In This Post:
- Building intrinsic motivation in our students is incredibly valuable.
- An introduction to self-determination theory.
- How to build motivation through students’ loves.
Our students, like ourselves, are human beings. And, like us, they have interests, passions, and lives outside of the walls of our classrooms. When we find ways to infuse those outside interests into our content, it makes our teaching more meaningful and relevant.When we find ways to infuse students’ outside interests into our content, it makes our teaching more meaningful and relevant. Click To Tweet
Beyond that, it boosts engagement and allows our students to see themselves in the content area we teach. It also helps increase the intrinsic motivation of our students.
Intrinsic motivation is important. When our students are intrinsically motivated, they want to learn because of the benefit it brings to them. They want to succeed, not because of an external factor like a reward or to earn points, but because it will make them better.
Motivation theory, specifically self-determination theory, tells us that intrinsic motivation is cultivated by three factors: competency, autonomy, and relatedness.
Self-Determination Theory of Motivation
Competency is the notion that you are capable of doing something. I think of it as confidence. The confidence we need to take something on, knowing that we have a chance at accomplishing the goal.
Relatedness has everything to do with connection. It is all about the relationships built in the classroom and the culture that exists for learning. Self-determination theory proves a point that many teachers already know to be true. Students are more willing to learn from you when they like you. It is, quite literally, the foundation of our learning environment and a vital component in motivation to learn.
Autonomy refers to choice. Students learn when they feel they have ownership in it. When it is truly theirs, it becomes important to them. Personalized learning and the inclusion of choice in our classrooms builds motivation to learn. It helps our students find meaning and value. And, it builds motivation to strive for success.
What does this have to do with bringing what they love into our classrooms?
The simple answer? Everything.
Boost Intrinsic Motivation
When we bring what our students love into the classroom, we are meeting these three psychological needs. And by extension, we are increasing their motivation to learn.
Including student choice within our content area directly meets the need for autonomy. Autonomy-supportive classrooms are those where students have choice in the pace they work at, the topic they study, the product they create, and more. All of this doesn’t have to happen at the same time, especially if this is a new concept.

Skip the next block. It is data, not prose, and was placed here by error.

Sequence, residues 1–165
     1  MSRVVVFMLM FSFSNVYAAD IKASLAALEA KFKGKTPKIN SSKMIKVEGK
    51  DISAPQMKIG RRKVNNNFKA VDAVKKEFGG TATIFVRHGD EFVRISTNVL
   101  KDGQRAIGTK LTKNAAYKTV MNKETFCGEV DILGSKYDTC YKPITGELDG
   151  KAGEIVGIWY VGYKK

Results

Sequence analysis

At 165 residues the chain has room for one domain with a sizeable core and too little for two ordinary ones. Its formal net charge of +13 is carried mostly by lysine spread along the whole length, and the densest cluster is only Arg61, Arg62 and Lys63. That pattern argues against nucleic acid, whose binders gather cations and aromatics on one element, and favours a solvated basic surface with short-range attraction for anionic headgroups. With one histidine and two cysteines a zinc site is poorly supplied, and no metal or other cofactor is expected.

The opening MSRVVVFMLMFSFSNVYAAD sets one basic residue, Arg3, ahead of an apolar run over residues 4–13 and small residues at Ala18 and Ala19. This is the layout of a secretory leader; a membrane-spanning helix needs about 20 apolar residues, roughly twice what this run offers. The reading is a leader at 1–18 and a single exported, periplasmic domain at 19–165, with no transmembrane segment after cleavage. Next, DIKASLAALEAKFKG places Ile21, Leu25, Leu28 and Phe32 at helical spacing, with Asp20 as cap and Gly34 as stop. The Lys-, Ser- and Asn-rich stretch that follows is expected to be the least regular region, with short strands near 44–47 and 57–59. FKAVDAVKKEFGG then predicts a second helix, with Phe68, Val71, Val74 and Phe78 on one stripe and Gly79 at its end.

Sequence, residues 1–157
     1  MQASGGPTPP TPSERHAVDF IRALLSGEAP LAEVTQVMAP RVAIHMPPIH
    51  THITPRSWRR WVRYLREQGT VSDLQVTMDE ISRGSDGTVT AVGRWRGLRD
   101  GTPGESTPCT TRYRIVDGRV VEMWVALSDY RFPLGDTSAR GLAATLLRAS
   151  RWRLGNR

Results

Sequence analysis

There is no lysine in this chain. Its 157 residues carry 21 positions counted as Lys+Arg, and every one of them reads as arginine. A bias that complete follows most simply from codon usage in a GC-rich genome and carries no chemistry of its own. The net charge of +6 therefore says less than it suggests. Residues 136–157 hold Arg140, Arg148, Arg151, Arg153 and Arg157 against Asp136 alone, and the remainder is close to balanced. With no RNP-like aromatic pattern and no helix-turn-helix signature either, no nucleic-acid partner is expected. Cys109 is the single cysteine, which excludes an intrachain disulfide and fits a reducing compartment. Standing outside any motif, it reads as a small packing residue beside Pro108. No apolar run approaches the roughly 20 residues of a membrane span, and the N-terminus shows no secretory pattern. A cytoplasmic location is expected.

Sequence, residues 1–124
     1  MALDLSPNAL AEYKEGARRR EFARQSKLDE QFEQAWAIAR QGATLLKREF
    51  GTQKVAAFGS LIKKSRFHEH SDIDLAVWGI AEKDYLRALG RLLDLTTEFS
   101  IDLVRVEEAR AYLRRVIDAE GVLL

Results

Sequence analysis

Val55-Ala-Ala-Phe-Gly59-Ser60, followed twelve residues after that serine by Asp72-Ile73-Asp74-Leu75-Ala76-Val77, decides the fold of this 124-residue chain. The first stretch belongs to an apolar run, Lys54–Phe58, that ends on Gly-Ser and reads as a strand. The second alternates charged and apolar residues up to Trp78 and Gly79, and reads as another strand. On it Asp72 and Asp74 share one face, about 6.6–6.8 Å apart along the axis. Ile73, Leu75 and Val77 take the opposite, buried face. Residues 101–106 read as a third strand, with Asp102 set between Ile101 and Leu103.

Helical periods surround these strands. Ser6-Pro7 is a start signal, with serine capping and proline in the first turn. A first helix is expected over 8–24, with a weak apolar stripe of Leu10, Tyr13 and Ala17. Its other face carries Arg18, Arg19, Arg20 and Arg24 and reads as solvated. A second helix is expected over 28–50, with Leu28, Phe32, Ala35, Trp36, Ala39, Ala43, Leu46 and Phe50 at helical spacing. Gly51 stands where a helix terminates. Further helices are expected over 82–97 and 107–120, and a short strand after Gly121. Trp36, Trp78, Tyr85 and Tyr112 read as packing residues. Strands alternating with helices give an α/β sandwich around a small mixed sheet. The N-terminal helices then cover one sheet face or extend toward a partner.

Start small. Include a menu of options for students to choose from. Start working on methods of self-pacing (like the Grid). Allow students to demonstrate their mastery of a skill in a way they choose.
Take your time with the concept of choice, and begin building autonomy in your students. Transfer the ownership to them, and you’ll be amazed at what they create.
Relatedness is supported when we bring our students’ loves into the classroom because it helps us get to know them. We learn about their lives outside of school, their interests and their passions. From this, we see them as people and we build authentic relationships.
Inviting our students’ loves also cultivates our classroom community and culture. Not only do we get to see them more humanly, but their peers do as well. They find commonalities and shared interests, as well as discover new perspectives. And they always learn to see each other as more than just the person who sat next to them in math.
We all love things we’re good at. Our students are no different. When we bring those interests into our classrooms, we give our students an opportunity to be successful and feel it.
Opening up our assessment processes and allowing students to demonstrate mastery in a way of their choosing is a great example. No student will choose a way that they are bad at. They are going to play to their strengths and choose a method that highlights their abilities, and likely, something they love, too.
Increasing intrinsic motivation boosts engagement and a deeper ability to learn. And we can do it in one simple way. By bringing what students love into the classroom.[scroll down to keep reading]
About Katelynn Giordano
Katelynn Giordano is a 6th grade language arts teacher in the Chicago suburbs and the Digital Content Editor for the Teach Better Team. She loves writing, both on her blog, Curriculum Coffee, and for the Teachers on Fire magazine on Medium. She is a dynamic educator with a focus on student empowerment in the classroom.
Katelynn is active on Twitter and Instagram, and loves to collaborate with educators everywhere! In her free time, she enjoys relaxing with her husband and her cat, Chickpea, drinking coffee, and reading YA books.
Katelynn is also a member of the Teach Better Speakers Network.